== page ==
Christmas comes with a cavalcade of options when it comes to delicious foods, which makes it pretty tricky to stay healthy at this time of year, so it’s no surprise gaining weight over Christmas is very common.
To help you make healthier choices during the holidays, we’ve taken a look at some of the most popular Christmas foods to see how they compare.
Tips to keep you healthy
Before we get into that, here are a few rules to live by when you are treating yourself.
1. Save it for the special days
The best thing you can do is save the indulgence for the ‘big’ days. There’s nothing wrong with eating treats on Christmas Day, but you’ll do yourself a world of good if you avoid making it a daily habit.
If you really want to be good, you could even try trading treats for healthier options at other times. So if you find yourself having an extra slice of cake one night, choose a lighter meal for your next one.
2. Keep moving!
One of the hardest battles is getting started, so don’t stop! If you’re used to exercising try to maintain your routine during the holidays (and if you don’t, take the opportunity to start).
Go for a walk – walking regularly for 40-60 minutes can burn calories and has lots of other health benefits too.
3. Love the veggies
If you do treat yourself, don’t cut out the vegetables. They provide fibre, vitamins and minerals – all vital for your health.
As well as providing vital nutrients, they’ll help to reduce hunger, so you’ll be less inclined to overindulge.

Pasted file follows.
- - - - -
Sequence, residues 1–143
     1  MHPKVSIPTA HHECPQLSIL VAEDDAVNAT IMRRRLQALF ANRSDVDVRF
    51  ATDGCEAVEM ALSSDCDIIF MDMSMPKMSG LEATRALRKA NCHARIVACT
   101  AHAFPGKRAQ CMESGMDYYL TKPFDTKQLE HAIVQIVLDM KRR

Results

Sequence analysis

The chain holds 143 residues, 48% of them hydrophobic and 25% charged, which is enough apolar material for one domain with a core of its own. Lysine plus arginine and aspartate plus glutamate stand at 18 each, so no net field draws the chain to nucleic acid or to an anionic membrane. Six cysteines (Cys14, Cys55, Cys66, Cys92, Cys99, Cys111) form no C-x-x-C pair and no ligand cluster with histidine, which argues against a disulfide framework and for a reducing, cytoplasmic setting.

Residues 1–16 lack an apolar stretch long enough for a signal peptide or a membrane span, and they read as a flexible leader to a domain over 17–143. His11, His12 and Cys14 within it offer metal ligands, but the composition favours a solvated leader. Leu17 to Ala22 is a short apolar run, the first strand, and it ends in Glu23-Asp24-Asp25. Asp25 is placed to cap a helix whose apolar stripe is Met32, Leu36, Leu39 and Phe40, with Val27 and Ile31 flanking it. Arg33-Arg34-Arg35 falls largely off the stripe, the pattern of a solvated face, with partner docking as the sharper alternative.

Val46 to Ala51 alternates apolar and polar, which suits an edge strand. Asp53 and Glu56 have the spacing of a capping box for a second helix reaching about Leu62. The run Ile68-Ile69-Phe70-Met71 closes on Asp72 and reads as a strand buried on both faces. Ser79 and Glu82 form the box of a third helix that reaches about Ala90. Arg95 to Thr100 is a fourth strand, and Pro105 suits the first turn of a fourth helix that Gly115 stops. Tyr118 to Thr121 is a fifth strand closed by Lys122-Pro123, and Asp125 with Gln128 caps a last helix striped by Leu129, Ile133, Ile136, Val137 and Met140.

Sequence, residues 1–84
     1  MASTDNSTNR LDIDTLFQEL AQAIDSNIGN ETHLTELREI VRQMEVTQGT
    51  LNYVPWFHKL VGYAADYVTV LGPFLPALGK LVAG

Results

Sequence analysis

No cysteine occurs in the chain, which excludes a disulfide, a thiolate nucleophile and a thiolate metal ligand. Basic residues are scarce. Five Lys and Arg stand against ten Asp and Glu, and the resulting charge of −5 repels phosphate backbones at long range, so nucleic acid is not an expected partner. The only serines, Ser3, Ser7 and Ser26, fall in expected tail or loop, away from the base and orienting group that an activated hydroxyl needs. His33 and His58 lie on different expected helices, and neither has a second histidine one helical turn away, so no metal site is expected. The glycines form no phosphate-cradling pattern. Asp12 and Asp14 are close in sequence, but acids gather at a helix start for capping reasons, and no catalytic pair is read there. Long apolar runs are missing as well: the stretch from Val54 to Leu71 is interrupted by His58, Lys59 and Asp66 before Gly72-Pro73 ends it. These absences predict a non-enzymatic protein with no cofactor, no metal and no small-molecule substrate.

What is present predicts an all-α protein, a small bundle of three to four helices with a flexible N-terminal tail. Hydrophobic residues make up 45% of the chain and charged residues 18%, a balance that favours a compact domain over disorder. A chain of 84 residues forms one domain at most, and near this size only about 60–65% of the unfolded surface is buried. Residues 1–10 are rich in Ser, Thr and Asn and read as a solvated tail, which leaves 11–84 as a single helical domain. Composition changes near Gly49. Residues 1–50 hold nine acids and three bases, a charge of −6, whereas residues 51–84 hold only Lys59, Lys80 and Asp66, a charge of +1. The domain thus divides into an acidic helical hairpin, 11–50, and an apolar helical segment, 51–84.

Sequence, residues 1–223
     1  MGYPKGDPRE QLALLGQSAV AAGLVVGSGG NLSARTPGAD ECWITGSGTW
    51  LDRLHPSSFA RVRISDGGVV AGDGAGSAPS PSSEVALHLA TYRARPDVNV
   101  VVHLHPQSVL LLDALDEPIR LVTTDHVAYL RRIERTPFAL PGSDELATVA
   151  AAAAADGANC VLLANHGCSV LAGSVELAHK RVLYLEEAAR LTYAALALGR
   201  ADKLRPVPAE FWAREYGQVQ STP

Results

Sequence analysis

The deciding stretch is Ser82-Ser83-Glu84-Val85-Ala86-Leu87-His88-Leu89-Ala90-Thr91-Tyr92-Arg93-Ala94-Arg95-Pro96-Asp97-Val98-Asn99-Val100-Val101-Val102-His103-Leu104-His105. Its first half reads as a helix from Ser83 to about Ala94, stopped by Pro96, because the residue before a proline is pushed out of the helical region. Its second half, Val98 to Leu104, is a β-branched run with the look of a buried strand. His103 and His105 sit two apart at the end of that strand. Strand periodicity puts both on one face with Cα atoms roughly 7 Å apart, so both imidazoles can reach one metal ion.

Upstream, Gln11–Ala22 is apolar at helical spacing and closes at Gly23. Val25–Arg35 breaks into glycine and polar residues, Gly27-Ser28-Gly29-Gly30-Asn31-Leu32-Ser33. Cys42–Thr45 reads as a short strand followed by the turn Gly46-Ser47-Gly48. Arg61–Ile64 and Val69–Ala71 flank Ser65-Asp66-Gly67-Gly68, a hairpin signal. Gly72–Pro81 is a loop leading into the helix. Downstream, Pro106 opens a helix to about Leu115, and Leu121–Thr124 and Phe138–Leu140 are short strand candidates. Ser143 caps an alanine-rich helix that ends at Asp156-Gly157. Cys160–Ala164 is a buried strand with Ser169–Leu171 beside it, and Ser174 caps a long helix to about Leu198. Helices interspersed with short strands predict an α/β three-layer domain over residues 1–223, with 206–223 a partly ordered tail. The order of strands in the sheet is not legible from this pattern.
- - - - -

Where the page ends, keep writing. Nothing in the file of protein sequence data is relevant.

4. Manage your Christmas booze
If you’re fond of a tipple at Christmas, just make sure you have plenty of water at the same time!
Christmas Treats - Ranked
For most, a Christmas dinner would not be complete without roast potatoes. You can have turkey or goose, parsnips or sprouts, but if roast potatoes aren’t on the menu, it’s just not a Christmas dinner.
There are lots of variables with roast potatoes, such as what you cook them in and how big they are, but a single roast potato could contain up to a whopping 200 calories. We wouldn’t dream of suggesting skipping the roasties at Christmas, but maybe save them for Christmas Day.
Pigs in Blankets
Sausages wrapped in bacon. You probably won’t be surprised to hear that these have quite a high fat and calorie content.
While they might look like small little treats, those calories can quickly add up. A single pig-in-a-blanket can contain over 50 calories
The good news for homemade stuffing makers is that the calorie count really depends on the type of stuffing you make.
A ‘healthy’ recipe and a moderate portion size means you can keep your calorie intake down to around 120 calories. If you’re a little more indulgent with your ingredients and freer with your servings, this can easily escalate to over 300 calories.
If you’ve still got room for it after your Christmas dinner, Christmas pudding can certainly add to the calorie total. A serving of Christmas pudding alone can run over 320 calories and that’s before you’ve added cream or the classic brandy butter to the situation.
Remember, all calorie numbers are estimations and can vary significantly.
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